Design and Engineering

Design and Engineering

Good By far the best LS design yet - the first generation which actually looks sporty from a number of angles. The massive 19-inch alloy wheels help to shrink the 5-metre long visual mass, as does the sharp crease line running from the top of the front grille to the rear boot. The overall exterior is refined and stylish.
Not so good Still more restrained than the competing S-Class with the over-sized wheel arches; however, some of us at the office think that the LS is the better looking of the two vehicles?

Weight has increased over 100kg since the previous generation LS, however power and torque figures have also increased.
Interior and Styling

Interior and Styling

Good You won’t find a more comfortable cabin to spend hours inside for similar money. 4-way individual heating and air-conditioning controls; 19-speaker (yes, 19!) Mark Levinson sound system is brilliant. Plus, enjoyable little touches like the chilled compartment behind the centre rear seat and the auto open-and-close boot lid. The rear seats also feature a recline and massage function.
Not so good This Lexus bucks the trend of the competition with no mouse-like interface system for the centre dash information screen (we'd bet that the next-gen LS does though); however, the buttons are positioned in a logical manner.

We found the interface of the audio/sat nav system a little dated when compared to its competitors, the DVD/CD player doesn't support all file formats and there is no Bluetooth Audio streaming only phone connectivity.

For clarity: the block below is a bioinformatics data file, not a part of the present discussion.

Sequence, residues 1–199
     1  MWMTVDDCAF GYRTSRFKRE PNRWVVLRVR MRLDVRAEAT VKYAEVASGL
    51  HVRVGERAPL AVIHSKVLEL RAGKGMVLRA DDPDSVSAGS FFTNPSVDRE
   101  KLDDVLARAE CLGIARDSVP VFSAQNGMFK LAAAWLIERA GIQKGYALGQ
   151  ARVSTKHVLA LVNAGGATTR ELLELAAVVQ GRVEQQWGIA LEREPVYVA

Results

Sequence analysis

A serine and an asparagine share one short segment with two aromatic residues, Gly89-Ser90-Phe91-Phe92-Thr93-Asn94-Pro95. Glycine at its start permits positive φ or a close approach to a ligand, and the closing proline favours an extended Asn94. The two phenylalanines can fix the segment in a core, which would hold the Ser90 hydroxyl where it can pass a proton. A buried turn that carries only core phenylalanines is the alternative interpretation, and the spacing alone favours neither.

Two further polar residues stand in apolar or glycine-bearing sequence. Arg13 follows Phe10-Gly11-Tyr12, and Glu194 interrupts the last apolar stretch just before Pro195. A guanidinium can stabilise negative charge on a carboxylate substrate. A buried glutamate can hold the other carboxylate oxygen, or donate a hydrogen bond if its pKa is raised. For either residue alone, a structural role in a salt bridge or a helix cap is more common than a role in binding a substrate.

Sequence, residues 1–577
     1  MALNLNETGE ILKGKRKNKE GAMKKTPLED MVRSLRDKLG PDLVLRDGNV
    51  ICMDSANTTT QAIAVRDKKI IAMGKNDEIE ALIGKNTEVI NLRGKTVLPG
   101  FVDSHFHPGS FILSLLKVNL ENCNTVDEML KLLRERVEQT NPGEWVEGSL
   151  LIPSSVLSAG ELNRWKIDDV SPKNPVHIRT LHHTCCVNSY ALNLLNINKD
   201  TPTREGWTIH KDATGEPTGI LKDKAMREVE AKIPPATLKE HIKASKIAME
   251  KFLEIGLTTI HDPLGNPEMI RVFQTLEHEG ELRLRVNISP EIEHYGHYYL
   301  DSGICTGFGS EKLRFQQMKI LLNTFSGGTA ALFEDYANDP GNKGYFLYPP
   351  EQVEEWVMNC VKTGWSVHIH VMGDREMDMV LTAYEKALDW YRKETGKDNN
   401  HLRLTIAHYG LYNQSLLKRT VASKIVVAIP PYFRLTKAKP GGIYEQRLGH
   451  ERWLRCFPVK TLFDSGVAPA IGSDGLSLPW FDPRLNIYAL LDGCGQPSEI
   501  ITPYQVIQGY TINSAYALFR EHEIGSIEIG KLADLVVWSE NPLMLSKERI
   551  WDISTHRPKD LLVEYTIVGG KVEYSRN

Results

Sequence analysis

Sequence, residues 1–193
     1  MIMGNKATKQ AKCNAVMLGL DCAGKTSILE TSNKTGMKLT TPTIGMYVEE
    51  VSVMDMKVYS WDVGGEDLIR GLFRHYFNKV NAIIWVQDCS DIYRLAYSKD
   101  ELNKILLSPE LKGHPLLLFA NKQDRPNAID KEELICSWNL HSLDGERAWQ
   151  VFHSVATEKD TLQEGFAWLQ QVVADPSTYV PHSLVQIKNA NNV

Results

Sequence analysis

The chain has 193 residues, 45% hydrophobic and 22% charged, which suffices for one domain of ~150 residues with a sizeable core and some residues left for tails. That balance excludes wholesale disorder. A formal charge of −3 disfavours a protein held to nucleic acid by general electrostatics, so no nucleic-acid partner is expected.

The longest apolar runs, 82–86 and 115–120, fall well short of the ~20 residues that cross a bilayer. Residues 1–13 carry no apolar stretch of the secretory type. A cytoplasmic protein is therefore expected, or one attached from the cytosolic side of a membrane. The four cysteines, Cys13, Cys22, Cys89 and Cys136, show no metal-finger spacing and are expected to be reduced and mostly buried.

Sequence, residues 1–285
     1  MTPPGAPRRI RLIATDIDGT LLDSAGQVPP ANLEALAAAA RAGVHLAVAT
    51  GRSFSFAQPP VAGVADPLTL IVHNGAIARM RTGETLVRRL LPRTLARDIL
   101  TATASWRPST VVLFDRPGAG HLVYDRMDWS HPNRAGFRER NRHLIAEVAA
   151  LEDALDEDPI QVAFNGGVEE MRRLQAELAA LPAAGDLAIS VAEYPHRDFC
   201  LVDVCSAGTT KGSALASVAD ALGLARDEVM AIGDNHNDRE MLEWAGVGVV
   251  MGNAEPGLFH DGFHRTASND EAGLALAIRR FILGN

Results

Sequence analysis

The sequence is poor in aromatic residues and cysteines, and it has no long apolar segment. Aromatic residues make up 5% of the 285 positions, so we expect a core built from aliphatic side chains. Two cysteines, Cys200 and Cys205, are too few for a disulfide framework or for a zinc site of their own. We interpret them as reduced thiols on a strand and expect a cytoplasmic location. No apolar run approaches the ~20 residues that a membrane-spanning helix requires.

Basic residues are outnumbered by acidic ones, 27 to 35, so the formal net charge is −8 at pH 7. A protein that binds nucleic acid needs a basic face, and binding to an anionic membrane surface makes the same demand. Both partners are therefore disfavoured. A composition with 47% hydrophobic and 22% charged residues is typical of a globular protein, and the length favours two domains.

Although the LS600h features an auto park function it takes a while to calibrate and by the time you have set it up someone has either stolen your space or you've just parked the car yourself.
Performance

Performance

Good For such a large and refined luxury sedan the LS460 is damn quick sprinting from 0 – 100km/h in 5.7 seconds. Under hard acceleration the fantastic throaty engine note enters the cabin (lovely!). The 8-speed auto (a world first for Lexus) is so smooth and it contributes to the impressive fuel consumption.

The bigger brother of the LS460 is the LS600h. Powering the LS600h is a 5.0-litre V8 that is electrically-assisted, combined the total power output is 327kW. The LS600h is a very smooth ride and can sprint from 0 – 100km/h in 6.3 seconds which is pretty impressive when you consider the LS600h weighs in at around 2.5 tonne. Official fuel figures are 9.3-litres per 100km combined.
Not so good Because the LS features double glazed windows most of the outside noise is cancelled out which is good and bad. The bad being you have to really push your right foot down to really hear the glorious V8 under the bonnet.
Ride and Handling

Ride and Handling

Good In terms of handling the LS600h is up to the task, although the vehicle is just over five metres in length it doesn't really pose as a problem. The L600h feels at home on Australian roads with the suspension absorbing pretty much anything you throw at it. The clever air suspension and low profile large alloy wheels are a great combo – grip is commendable.
Not so good The electrically-assisted powering steering is good for managing the size of the LS but it lacks in driver feedback and weight (for driving enthusiasts).
Buying and Owning

Buying and Owning

Good Improved styling is attracting younger buyers (than the previous LS). Also, there's no need to spend thousands of dollars on costly extras (as almost everything is standard). The LS also features the world’s first dual-chamber front airbags!
Not so good No Turbo Diesel option at this time, although there is a Hybrid variant, the LS600h, but it is quite a step up in price over the LS460.